A reconstruction of the 230 million year old dinosaur Eodromaeus. Copyrighted Image by Mike Hewett
Miami geologist part of "dawn runner" discovery in early dinosaur graveyardJan 14, 2011
Miami University geologist Brian Currie is a member of an international
team of paleontologists and geologists who report in the Jan. 14 issue
of the journal Science
the discovery of a previously unknown dinosaur that roamed South
America 230 million years ago. Sporting a long neck and tail and
weighing only 10 to 15 pounds, the new dinosaur has been named
Eodromaeus, the "dawn runner."
Currie and his colleagues describe a near complete skeleton of the new species in their report. The paper presents a new snapshot of the dawn of the dinosaur era during the Triassic time period. Eodromaeus is the oldest known member of an evolutionary lineage that culminated in dinosaurs like Tyrannosaurus rex some 165 million years after their first appearance.
The site of discovery, set in the foothills of the Andes, is known as the “Valley of the Moon,” said the report’s lead author, Ricardo Martinez of Argentina’s National University of San Juan.
“Two generations of field work have generated the single best view we have of the birth of the dinosaurs,” Martinez said. “With a hike across the valley, you literally walk over the graveyard of the earliest dinosaurs to a time when they ultimately dominate.”
Currie's work on the project focused in refining the geological stratigraphy (rock layers) and structure of the study area and interpreting the depositional environments of the basin in which the earliest dinosaurs lived. The area was once a rift valley in the southwest corner of the supercontinent Pangaea. Over the course of approximately five million years, ancient rivers deposited sediments that accumulated a thickness of more than 2,000 feet (700 meters). Volcanoes occasionally spewed volcanic ash into the valley, allowing the team to use radioactive elements in the ash layers to determine the age of the deposits.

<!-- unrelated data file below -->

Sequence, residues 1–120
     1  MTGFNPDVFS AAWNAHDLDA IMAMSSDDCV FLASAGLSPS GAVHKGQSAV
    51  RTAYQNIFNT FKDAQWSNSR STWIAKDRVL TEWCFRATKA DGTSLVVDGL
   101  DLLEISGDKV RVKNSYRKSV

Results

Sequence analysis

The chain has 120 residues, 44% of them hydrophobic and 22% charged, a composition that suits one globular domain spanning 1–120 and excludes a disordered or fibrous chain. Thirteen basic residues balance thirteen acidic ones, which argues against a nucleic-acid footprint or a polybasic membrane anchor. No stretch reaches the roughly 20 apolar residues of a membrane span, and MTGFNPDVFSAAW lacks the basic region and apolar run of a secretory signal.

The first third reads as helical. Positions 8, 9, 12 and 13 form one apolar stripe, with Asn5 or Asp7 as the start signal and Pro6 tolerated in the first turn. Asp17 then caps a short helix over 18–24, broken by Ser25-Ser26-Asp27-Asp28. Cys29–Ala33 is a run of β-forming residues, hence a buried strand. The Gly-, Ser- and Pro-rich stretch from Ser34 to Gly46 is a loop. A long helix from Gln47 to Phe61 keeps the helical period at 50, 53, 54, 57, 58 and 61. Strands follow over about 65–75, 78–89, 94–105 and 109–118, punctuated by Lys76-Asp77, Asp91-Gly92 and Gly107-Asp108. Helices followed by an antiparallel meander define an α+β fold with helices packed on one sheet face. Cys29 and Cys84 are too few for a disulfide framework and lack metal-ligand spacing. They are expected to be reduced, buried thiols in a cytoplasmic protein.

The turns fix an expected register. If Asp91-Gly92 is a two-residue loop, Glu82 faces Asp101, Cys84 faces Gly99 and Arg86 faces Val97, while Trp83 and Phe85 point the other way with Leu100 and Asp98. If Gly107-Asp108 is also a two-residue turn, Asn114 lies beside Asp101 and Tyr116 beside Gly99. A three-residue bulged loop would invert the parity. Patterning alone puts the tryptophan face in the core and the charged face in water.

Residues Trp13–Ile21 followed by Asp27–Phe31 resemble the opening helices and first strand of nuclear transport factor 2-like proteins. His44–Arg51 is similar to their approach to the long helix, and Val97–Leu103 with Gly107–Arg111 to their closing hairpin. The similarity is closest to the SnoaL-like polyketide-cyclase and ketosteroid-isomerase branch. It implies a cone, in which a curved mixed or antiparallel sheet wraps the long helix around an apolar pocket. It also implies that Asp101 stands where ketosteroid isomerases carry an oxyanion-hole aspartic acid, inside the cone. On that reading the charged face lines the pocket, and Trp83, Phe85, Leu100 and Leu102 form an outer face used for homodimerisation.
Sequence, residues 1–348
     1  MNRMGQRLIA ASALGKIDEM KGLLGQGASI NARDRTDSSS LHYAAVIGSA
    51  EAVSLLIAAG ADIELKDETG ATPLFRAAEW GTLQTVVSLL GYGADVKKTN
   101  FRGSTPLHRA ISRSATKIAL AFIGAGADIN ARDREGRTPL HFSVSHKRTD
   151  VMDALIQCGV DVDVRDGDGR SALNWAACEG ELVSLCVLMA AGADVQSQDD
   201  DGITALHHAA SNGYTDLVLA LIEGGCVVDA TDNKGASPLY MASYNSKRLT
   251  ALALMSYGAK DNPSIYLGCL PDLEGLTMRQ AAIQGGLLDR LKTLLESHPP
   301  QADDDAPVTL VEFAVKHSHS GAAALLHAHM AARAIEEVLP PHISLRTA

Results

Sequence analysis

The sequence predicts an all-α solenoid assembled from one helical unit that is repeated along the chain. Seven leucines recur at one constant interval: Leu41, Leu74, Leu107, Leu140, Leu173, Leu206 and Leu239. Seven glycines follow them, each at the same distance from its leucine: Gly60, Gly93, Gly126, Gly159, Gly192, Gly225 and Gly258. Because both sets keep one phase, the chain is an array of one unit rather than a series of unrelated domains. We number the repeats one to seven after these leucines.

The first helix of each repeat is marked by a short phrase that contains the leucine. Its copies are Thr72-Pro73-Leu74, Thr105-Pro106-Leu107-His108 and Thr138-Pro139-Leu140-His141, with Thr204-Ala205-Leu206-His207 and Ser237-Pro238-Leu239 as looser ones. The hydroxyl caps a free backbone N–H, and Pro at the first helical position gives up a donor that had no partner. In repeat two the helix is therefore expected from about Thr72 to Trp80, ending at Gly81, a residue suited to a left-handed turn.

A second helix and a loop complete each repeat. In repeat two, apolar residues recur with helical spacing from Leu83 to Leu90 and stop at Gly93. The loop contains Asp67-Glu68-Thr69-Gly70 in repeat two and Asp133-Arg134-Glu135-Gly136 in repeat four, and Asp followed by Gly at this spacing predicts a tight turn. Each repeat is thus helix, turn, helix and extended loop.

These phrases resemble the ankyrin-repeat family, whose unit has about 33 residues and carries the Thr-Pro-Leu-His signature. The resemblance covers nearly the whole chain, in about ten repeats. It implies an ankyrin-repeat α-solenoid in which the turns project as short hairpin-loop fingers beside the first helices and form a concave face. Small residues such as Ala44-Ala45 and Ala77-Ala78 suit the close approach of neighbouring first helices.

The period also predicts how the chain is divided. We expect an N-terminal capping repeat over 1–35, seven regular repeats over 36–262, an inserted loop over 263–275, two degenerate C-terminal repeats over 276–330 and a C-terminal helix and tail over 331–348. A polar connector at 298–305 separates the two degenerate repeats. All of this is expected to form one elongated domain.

In the oldest deposits, Eodromaeus lived alongside Eoraptor, a similar-sized plant-eating dinosaur that team members discovered in the valley in 1991. Eoraptor’s descendants would eventually include the giant, long-necked sauropods. Eodromaeus, with stabbing canine teeth and sharp-clawed grasping hands, is the pint-sized precursor to later meat-eaters called theropods, and eventually birds, say the researchers.
The authors logged thousands of fossils unearthed in the valley. The fossil data presented in the Science article provide an early glimpse into the evolutionary origins of dinosaurs.
"Analysis of the fossils from Argentina reveal that the different dinosaur lineages were all represented during their early history, but at the time they contained many similarities," Currie said.
In the youngest rocks of the valley, larger plant- and meat-eating dinosaurs had evolved many times the size of Eoraptor and Eodromaeus, but it would be even later when they dominated all land habitats in the succeeding Jurassic and Cretaceous periods.
“The story from this valley suggests that there was no single advantage or lucky break for dinosaurs but rather a long period of evolutionary experimentation in the shadow of other groups,” said co-author Paul Sereno, University of Chicago paleontologist.
Along with Martinez, Serano and Currie, the other study authors are Oscar Alcobar and Carina Colombi of the National University of San Juan; Paul Renne of University of California, Berkeley; and Isabel Montanez, University of California, Davis. Colombi was a visiting international research scientist at Miami in 2004-2005.
Currie, associate professor of geology at Miami, was also part of a team that uncovered evidence of the oldest hominid skeleton yet reported, Ardipithecus ramidus, known as Ardi. The Ardi report, which was co-authored by Bill Hart, chair and professor of geology, among others, appeared in a special issue of Science (Oct. 2, 2009) and was named the magazine’s “Breakthrough of the Year” for 2009.
This article contains text from the University of Chicago press release.